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Consumers Loving Garden Perennials

Today’s varieties check off more boxes than ever for today’s consumers.

January 12, 2018  By Treena Hein

Coreopsis Li’l Bang Daybreak is a long blooming perennial for sunny areas.

Perennials are a modern gardener’s dream – that’s what more and more garden centre customers are realizing.

“You only have to plant them once of course, and they are low maintenance,” says Dena Gavin, a professor in the school of Environment and Horticulture at Niagara College in Ontario. “You usually only have to touch them once or twice a year. They are economical and attractive, with lots of colour and texture now available. A properly planned perennial bed will bloom all year.”

At outlets of Sheridan Nurseries across southern Ontario, sales of perennials continue to grow, notes president and CEO Karl Stensson.


“They are being planted where once shrubs and evergreens were planted en masse,” he explains. “Grasses especially, as well as long-blooming lilies such as Stella D’oro, are planted everywhere in the landscape here in Toronto.”

The places perennials can be planted are also expanding, notes Stensson. “In our market, backyards are becoming smaller,” he says, “and more people are incorporating many shapes and sizes of containers into their landscape.”

The demand, therefore, for smaller, more compact perennials continues to be strong, but Sheridan Nurseries is also selling perennials in much larger sizes than in the past, accommodating gardeners with more space who don’t want to wait a year or two for their plants to fill out. “Nowadays we hardly sell any four-inch potted perennials,” Stennson says. “The norm is one gallon but it’s not uncommon to see two and five-gallon perennials.”

Brighter colours in foliage or flower is also a current trend, along with longer bloom times, notes Mark Cullen, who heads the gardening division at national retail chain Home Hardware. The explosion in popularity of hydrangeas, he says, well illustrates how much consumers like low maintenance and long-lasting colour, as does the growing demand for different coloured varieties of Black-Eyed Susan (rudbeckia), echinacea, Russian Sage and other plants.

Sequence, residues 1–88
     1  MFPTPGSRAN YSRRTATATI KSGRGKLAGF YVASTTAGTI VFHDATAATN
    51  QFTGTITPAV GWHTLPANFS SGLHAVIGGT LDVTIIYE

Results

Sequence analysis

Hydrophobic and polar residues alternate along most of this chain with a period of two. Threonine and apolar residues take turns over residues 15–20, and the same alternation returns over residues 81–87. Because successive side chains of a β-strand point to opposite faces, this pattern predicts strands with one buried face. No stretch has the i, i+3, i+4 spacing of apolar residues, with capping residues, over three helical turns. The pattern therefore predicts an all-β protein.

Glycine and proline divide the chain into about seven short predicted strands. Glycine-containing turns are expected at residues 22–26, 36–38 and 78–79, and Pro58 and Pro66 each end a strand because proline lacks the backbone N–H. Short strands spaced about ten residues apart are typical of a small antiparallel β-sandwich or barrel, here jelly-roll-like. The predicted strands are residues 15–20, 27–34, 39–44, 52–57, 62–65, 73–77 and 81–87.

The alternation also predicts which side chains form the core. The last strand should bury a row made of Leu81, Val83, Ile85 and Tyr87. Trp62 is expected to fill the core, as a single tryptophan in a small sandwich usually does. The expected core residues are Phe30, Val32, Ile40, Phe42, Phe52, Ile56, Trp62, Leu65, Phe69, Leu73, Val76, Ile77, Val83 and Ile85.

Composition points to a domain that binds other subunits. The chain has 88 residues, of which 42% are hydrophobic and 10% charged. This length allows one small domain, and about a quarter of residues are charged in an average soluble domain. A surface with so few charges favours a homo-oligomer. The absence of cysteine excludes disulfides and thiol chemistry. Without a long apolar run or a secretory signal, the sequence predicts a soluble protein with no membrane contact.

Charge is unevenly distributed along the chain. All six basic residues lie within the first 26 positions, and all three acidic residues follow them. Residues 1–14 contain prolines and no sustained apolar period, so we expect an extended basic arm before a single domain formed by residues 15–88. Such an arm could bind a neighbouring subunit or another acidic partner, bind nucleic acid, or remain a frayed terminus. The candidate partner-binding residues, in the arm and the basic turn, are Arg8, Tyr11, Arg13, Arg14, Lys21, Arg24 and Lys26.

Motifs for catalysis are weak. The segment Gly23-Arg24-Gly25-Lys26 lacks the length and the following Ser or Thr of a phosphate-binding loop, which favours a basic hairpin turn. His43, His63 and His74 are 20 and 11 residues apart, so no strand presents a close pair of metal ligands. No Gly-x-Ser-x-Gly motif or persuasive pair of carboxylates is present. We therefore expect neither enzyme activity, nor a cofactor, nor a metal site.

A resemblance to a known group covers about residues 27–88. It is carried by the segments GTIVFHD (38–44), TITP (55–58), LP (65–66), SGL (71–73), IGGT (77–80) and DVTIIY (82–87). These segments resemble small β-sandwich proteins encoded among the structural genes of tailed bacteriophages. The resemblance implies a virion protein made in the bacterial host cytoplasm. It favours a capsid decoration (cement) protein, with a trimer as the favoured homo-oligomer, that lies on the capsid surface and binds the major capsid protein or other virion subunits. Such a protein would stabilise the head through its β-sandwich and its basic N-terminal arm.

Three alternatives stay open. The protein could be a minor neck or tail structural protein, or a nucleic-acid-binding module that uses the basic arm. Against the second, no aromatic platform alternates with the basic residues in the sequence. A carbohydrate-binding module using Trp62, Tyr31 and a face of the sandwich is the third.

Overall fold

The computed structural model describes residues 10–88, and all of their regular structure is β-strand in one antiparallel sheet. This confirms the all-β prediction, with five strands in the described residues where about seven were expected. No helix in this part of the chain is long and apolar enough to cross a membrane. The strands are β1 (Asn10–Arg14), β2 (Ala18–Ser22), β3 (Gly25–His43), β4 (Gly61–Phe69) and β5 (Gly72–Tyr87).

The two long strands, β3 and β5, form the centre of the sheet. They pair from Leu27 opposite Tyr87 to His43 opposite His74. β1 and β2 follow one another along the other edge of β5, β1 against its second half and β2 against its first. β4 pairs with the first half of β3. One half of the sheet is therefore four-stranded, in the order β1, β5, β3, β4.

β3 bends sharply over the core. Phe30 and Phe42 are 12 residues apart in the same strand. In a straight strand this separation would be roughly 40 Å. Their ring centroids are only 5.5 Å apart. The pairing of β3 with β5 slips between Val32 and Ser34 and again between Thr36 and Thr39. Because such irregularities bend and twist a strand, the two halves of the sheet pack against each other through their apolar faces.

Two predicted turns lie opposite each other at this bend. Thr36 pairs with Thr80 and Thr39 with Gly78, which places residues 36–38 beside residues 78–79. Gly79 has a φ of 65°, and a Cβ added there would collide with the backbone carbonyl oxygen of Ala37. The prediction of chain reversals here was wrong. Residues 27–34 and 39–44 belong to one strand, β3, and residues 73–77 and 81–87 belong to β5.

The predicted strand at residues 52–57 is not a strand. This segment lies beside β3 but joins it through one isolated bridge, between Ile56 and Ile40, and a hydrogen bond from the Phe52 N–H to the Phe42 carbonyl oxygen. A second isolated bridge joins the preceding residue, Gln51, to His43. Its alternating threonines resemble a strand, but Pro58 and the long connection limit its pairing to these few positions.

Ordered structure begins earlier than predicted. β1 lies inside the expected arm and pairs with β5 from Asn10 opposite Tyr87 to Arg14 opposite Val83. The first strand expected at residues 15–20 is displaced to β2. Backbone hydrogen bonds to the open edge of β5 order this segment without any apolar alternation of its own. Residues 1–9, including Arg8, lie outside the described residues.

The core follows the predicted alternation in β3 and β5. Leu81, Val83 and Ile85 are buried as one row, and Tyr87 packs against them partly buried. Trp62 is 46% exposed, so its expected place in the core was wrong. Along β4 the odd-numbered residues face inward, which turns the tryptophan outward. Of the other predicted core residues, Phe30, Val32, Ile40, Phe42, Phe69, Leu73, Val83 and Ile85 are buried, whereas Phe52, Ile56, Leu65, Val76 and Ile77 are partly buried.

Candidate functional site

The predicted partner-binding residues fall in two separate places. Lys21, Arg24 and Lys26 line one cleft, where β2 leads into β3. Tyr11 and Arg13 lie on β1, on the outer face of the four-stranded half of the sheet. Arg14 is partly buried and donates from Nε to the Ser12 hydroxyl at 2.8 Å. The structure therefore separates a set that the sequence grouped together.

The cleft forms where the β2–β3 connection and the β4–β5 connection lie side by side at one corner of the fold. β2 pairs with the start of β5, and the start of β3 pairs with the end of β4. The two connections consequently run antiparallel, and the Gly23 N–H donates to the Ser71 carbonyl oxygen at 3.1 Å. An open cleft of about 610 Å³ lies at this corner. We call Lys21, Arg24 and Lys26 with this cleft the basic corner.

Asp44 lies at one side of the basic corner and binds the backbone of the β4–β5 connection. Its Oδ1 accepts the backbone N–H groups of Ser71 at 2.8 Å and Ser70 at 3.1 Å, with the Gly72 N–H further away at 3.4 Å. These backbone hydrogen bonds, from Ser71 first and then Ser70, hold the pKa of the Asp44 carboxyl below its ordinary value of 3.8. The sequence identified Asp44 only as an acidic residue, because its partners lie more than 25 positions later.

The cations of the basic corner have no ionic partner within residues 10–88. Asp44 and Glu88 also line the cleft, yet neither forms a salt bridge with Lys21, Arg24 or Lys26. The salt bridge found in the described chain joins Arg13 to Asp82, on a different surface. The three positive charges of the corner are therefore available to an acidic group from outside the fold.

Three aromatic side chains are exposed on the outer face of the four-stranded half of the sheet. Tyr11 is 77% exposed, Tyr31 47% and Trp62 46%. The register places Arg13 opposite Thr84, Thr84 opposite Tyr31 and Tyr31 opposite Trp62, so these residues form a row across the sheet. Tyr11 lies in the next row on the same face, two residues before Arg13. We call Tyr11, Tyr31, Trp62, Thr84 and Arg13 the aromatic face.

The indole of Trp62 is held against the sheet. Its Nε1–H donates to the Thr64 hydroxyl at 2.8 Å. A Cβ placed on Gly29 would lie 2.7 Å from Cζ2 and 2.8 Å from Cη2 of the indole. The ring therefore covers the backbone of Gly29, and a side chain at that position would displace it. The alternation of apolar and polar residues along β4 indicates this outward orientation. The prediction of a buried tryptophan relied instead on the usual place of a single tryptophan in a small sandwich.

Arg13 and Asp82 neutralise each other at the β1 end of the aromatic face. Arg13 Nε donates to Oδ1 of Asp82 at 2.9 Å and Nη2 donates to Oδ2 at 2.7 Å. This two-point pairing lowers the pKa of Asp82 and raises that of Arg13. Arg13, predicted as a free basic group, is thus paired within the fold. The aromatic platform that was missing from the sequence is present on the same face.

Brian Minter, the co-owner of Minter Gardens in Chilliwack, B.C., agrees that colour vibrancy across the spectrum is what today’s garden centre customers want to buy and bring home.

“They want contrasts in colour and texture in their gardens and especially in containers, so that every plant adds value to the other plants in the grouping,” he notes.

“Carex grasses are becoming more popular – Everillo especially with its nice gold colour. And people want perennials that are going to look good longer (over the season), with repeat flowering, earlier flowering, versatility in terms of where you can plant them (sun/shade).”

This year, Minter Gardens sold an increasing number of giant hibiscus (suitable to zone 4), a large plant that offers ongoing flowering of huge blossoms. While they get going relatively late in the season, Minter says these perennials provide a fresh new “wow.”

In terms of perennial marketing trends, Cullen notes that signage, direct sales help and good merchandising are all very powerful in steering customers towards great performing plants such as rudbeckia ‘Goldstrum’ or shasta daisy ‘Becky.’

Displays that highlight the best attributes of new perennials are also important. “People buy colour,” Cullen explains. “Larger format plants (very few four-inch plants) such as lots of gallon and two-gallon stock equal better displays, more colour, greater impact.”

Cullen adds that tags on perennials need to follow suit – needing to be larger and more colourful. They should also provide detailed information, such as “when the plant is out of bloom,” he says, because “customers often base their buying decision on the tag.”

Stensson adds that at Sheridan, they have chosen to display perennials by their common name, making it easier for customers to be sure of what they’re buying.